Review: Treasures from the Map Room

treasures-map-room-obliqueIf all maps must necessarily be selective, choosing what to show and what to leave out, surely map books must do the same. That thought came to mind as I perused Treasures from the Map Room—no relation—a book that presents maps from Oxford University’s Bodleian Library, collected and curated by the Bodleian Map Room’s senior library assistant, Debbie Hall.

“Although maps have formed part of the Bodleian’s collections from early on, they have been collected actively only since around 1800,” Hall writes in the introduction. Broadly speaking, the Bodleian’s map holdings come from a combination of bequests and legal deposit requirements. The latter in particular means that the Bodleian’s holdings of British maps—including virtually every Ordnance Survey map and a large number of commercially published maps—are very extensive. The bequests are sometimes much better known: maps named for their owners and donors rather than their creators—the Gough Map, the Selden Map—falling into the Bodleian’s hands.

Hall organizes her selection—some 75 maps—into seven chapters organized by theme: Travel and Exploration, Knowledge and Science, Pride and Ownership, Maps of War, The City in Maps, Maps for Fun, and Imaginary Lands. Sometimes those themes make for unlikely juxtapositions: Hall mentions the Tabula Peutingeriana and American highway maps in very nearly the same breath; and Maps for Fun, a chapter dealing with tourism, recreation and travel, includes a 15th-century Holy Land pilgrimage map—Reuwich’s Peregrinatio in Terram Sanctam—alongside the MountMaps 3D Navigator Map. But apart from that the chapters present us with some very interesting maps indeed: Travel and Exploration gives us the Gough and Selden maps; Knowledge and Science discusses Mercator, Ortelius and early astronomical maps, John Speed, Christopher Saxton and the Ordnance Survey; Maps of War gives us fortifications and plans, siege and trench maps, but also silk escape maps of World War II; Imaginary Lands ranges from Hole’s Poly-Olbion maps to Leo Belgicus, Tolkien and Lewis, and the art of Layla Curtis.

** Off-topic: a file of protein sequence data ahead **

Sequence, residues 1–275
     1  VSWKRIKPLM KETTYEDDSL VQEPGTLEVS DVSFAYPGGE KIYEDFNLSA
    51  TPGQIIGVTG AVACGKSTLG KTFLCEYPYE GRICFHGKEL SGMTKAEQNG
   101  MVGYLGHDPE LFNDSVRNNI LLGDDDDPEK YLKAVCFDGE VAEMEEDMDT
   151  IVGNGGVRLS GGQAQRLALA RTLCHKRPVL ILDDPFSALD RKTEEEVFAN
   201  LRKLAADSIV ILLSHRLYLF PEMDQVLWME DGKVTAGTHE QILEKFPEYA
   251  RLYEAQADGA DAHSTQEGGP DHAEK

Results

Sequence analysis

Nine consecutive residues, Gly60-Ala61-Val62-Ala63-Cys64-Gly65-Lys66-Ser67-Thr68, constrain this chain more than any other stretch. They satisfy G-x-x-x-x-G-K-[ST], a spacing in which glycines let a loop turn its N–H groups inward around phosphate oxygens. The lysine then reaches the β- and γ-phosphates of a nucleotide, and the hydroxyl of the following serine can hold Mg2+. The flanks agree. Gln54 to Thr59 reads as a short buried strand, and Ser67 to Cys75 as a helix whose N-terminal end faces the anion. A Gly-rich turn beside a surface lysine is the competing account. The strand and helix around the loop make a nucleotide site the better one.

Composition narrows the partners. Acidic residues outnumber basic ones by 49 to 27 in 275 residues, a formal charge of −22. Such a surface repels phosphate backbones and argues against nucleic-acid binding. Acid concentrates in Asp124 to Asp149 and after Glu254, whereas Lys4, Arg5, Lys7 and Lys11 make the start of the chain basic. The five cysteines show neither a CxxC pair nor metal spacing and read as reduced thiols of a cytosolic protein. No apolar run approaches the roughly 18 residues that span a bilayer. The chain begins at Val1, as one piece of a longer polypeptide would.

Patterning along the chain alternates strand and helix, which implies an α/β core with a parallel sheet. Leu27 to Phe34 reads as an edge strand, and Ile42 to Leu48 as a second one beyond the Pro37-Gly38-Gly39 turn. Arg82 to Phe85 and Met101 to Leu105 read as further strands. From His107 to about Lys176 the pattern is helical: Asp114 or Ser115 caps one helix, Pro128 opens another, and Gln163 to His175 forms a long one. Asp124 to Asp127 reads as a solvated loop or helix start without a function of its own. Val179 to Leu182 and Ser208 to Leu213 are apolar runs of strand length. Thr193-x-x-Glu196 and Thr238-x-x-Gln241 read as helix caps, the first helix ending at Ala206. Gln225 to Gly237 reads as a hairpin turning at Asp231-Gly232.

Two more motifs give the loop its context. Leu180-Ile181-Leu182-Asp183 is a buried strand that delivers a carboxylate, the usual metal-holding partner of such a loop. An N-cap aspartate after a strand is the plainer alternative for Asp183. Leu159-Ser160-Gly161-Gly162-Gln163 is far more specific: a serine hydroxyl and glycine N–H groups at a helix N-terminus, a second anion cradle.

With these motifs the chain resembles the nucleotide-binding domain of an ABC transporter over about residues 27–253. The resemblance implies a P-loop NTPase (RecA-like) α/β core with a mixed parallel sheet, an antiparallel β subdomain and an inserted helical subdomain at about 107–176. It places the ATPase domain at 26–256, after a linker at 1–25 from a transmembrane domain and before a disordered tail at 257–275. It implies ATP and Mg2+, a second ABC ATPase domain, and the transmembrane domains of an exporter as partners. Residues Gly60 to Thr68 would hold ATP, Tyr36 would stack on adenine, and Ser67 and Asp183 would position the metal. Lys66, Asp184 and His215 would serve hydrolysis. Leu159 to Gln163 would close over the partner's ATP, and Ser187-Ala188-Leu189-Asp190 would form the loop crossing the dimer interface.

We get, in other words, a taste of just about everything—but only a taste. The breadth of Treasures of the Map Room is both a blessing and a curse. We’re made aware of the volume and diversity of the Bodleian’s map holdings, but we never get a chance to drill down beyond the most cursory of examinations, never more than one example of something. On the other hand, Hall’s approach brings to the fore maps that might not otherwise be included in books like this—books that can privilege the rare and the ancient over the more mundane but more significant. For example, the map I found myself staring at the most was the 1864 Ordnance Plan of the Crystal Palace and its Environs, a 1:2,500 map of incredible detail and delicacy. You might find yourself lingering over some other map. Discoveries like this are, I suspect, the whole point of book that is, after all, about a library’s hidden treasures.

I received a review copy from the North American distributor for this book, the University of Chicago Press.

Treasures of the Map Room edited by Debbie Hall (Oxford: Bodleian Library, 2016). Hardcover, 224 pp., £35/$60. ISBN 978-1-85124-2504. Buy at Amazon.